There are many ways to prepare and enjoy eggs – over easy, scrambled, hard boiled, omlet, quiche, soufflé, or raw. One of my favorites is eggnog, a quick and easy snack or addition to any hearty breakfast. To make it, I combine 2 raw eggs (or yolks only) from pastured chickens (I advise against using eggs from chickens that are not pastured for food safety reasons), 1 cup of raw milk (or ¾ cup raw milk and ¼ cup raw cream), 1 tablespoon of grade B or ungraded maple syrup, and a dash of nutmeg. I blend it using either a whisk, food processor, eggbeater, blender, or simply a fork. I swear, it’s like drinking ice cream!

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About Susan Blasko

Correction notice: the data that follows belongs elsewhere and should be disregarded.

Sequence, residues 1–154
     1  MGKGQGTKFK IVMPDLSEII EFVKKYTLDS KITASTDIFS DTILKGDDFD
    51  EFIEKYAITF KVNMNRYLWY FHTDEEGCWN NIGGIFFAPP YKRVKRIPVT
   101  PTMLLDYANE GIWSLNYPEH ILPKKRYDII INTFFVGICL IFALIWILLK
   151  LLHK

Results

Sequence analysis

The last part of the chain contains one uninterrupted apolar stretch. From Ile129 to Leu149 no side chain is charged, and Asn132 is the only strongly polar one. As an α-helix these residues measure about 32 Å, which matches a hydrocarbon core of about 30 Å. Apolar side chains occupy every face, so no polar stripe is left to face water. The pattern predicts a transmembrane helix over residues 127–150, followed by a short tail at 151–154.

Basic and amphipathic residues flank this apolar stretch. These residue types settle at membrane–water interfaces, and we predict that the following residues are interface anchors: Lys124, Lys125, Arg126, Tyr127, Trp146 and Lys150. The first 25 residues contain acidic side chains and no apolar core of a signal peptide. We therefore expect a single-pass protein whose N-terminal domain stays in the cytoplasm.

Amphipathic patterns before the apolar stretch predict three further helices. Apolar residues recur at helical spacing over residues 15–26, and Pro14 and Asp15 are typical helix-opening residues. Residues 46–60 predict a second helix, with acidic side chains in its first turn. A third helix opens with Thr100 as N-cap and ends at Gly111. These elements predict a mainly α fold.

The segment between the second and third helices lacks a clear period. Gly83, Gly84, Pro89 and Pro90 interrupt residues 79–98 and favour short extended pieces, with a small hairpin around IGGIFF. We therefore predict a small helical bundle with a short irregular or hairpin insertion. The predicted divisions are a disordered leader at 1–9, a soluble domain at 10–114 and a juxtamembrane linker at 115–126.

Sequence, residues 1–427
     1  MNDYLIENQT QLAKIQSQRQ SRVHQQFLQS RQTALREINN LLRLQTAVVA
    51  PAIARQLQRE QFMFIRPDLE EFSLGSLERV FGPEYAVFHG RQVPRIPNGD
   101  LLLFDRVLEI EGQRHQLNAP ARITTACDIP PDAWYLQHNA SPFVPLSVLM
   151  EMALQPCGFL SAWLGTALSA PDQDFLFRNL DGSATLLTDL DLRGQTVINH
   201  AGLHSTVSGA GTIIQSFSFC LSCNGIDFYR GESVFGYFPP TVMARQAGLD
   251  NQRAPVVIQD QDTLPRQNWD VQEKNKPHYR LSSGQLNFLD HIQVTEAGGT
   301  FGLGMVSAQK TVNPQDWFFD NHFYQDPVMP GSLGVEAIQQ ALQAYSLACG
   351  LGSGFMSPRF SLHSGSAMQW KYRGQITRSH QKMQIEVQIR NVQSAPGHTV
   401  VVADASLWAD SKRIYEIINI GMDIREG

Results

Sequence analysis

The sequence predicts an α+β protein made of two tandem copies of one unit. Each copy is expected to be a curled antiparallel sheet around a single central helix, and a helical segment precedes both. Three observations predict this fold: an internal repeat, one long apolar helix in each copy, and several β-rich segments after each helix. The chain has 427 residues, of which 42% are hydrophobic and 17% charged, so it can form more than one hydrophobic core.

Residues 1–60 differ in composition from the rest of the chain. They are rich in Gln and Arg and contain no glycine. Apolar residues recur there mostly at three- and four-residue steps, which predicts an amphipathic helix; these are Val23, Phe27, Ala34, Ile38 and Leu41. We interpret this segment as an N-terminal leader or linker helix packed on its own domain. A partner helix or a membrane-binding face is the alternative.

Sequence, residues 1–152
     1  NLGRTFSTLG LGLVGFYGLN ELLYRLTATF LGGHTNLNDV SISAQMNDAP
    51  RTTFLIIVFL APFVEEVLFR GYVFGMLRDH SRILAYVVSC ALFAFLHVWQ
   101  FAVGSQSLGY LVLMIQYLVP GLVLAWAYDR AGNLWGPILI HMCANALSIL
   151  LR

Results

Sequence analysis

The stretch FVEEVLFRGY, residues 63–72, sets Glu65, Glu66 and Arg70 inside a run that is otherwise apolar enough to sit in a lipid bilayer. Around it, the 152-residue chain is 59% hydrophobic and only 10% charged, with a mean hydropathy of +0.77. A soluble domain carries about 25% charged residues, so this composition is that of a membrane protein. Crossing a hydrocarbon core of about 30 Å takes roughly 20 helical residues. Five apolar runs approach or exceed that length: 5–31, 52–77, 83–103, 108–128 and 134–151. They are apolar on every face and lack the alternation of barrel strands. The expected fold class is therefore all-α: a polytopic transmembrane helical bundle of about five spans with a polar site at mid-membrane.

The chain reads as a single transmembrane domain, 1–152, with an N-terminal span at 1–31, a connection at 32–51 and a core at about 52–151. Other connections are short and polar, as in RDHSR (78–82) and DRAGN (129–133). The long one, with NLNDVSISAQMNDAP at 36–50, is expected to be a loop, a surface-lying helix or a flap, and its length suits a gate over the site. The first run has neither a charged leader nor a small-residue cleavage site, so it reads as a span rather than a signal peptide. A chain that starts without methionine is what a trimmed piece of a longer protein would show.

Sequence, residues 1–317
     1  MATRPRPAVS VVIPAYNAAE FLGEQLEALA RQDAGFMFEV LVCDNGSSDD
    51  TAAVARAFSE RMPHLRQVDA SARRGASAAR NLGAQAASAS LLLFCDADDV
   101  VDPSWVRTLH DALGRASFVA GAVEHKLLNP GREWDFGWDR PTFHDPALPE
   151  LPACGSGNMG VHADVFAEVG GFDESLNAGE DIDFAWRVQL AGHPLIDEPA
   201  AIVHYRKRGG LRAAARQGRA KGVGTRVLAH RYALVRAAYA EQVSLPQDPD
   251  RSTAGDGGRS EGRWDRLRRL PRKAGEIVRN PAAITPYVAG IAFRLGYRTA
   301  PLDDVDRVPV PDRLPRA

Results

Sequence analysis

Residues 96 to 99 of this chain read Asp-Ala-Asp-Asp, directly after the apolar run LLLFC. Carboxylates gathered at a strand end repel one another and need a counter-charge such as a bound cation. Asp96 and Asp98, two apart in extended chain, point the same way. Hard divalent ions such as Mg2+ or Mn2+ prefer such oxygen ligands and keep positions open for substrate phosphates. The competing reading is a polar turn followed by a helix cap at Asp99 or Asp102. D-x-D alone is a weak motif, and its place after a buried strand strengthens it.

Susan Blasko is the DC area and Northern Virginia marketing representative for Polyface. She earned a bachelor’s degree in Speech Communication at the University of Pittsburgh, and completed the Post-Baccalaureate Pre-Medical Program at Georgetown University. She discovered real food when her good friend gave her a copy of Sally Fallon’s “Nourishing Traditions”. She went “cold turkey”, and hasn’t purchased food in a supermarket since 2008. Susan considers farmers to be her closest allies in procuring produce grown without chemical pesticides and fertilizers, and meats from animals raised the way nature intended – on the pasture, and in the sun. Now a Board Certified Nutritional Therapist, Susan maintains a small private practice, helping her clients to reclaim their well being by guiding them in their quest for safe, nutrient dense, sustainably raised foods. She teaches food preparation techniques that increase nutrient bioavailability and enhance nature’s best flavors. She believes that by forming relationships with life-giving processes, we become better stewards of our bodies and of our planet. She encourages partnering with nature to honor and nurture the mysterious property that makes food alive and gives us life!